Aldridge is still learning how to be more of a dominant post presence and does prefer to be a face-the-basket post player, but on this squad, how could he not get the dump down dunks off of Brown's penetration? Trying to double down on Aldridge would likely be impossible with the shooting of Brown and Redick on the perimeter. If he stays at home inside defensively, then we have a shot-altering presence as much as a shot-blocker.


5. Shawne Williams, Memphis

The fifth starter is the versatile freshman Williams. He's 6-foot-9 and he can play inside and out. Williams and Carney, if need be, can hunker down and defend in the interior next to Aldridge. I'm not worried about Williams going to the glass with his 6.3 boards a game. He's also a versatile shooter, making 19 3s so far to aid in his 15.9 points a game average. Dishing out nearly three assists a game also means he's an above-average passer, so passing back out from inside will help the offensive flow of our team.


6. Tyler Hansbrough, North Carolina

Hansbrough is leading the youthful Tar Heels in scoring (15.8 ppg) and rebounding (7.2 rpg). He's 6-9, 235 pounds, and can play strong in the post. And, he's got five fouls to give if Aldridge and Williams get into trouble. He manages that well, earning more than three fouls only twice in his first nine games this season and never fouling out.


7. Al Horford, Florida

Horford has been an integral part in the Gators' 11-0 start. He's leading the team in rebounding at 7.1 per game and is adding a not-too-shabby 12.8 points a game. At 6-8, 235-pounds, Horford gives another wide body inside, so I have plenty of options in the post.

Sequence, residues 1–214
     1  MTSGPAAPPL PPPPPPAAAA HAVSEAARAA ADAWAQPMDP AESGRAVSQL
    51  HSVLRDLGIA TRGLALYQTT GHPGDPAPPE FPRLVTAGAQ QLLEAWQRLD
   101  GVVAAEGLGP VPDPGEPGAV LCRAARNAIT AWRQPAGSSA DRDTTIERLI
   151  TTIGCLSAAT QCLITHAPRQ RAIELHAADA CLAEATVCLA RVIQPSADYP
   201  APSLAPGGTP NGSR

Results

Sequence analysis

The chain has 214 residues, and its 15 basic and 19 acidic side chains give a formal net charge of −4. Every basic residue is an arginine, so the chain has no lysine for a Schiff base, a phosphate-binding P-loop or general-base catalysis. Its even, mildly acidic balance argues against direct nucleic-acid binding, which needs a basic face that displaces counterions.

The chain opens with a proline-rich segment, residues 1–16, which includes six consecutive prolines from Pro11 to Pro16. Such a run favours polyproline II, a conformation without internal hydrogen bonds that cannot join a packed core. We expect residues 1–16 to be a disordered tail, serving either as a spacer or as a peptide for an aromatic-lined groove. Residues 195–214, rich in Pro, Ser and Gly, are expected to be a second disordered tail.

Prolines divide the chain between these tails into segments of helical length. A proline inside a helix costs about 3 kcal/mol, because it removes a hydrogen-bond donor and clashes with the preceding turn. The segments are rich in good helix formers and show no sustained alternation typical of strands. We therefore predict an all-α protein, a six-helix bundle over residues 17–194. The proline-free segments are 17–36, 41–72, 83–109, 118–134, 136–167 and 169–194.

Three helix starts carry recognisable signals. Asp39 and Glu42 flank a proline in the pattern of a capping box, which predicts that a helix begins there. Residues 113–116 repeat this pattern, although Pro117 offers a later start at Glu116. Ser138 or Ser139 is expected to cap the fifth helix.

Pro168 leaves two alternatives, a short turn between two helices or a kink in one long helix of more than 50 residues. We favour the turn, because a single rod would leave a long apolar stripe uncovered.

OK, so I put this squad together. Now, what would a few actual coaches do with it?


"That would be some kind of team," said Villanova coach Jay Wright, who coached the USA to a gold medal at the World University Games last August in Turkey, so he's used to coaching all-star teams of this ilk.


"Everyone is long, lanky and athletic," he said. "You can get out and extend your defense and take away the 3-point shot because of your length. But you can also make 3s with the big, long players [who] could shoot 3s. You've got a point guard in Dee Brown who could set them all up and beat everyone down in transition. Having Aldridge, Hansbrough and Horford makes it tough to double-down, and with the 3-point shooters, you've got the whole package."


Sounds good, right? Well ...


"You're going to score, and if you're in a fantasy league, you're winning with the scorers you've got," Memphis coach John Calipari said. "I wouldn't want to face them, and it would be more about how you're going to guard your guys. But if you're talking defense, I'd say you're just OK. You're going to outscore teams."


OK, so Calipari doesn't love our defense, even with two of his own guys on the squad. Still, he said the unselfishness with Redick and his player, Williams, makes this squad motor.


"There's probably only one team I'd rather have than that one," said Calipari. "Mine."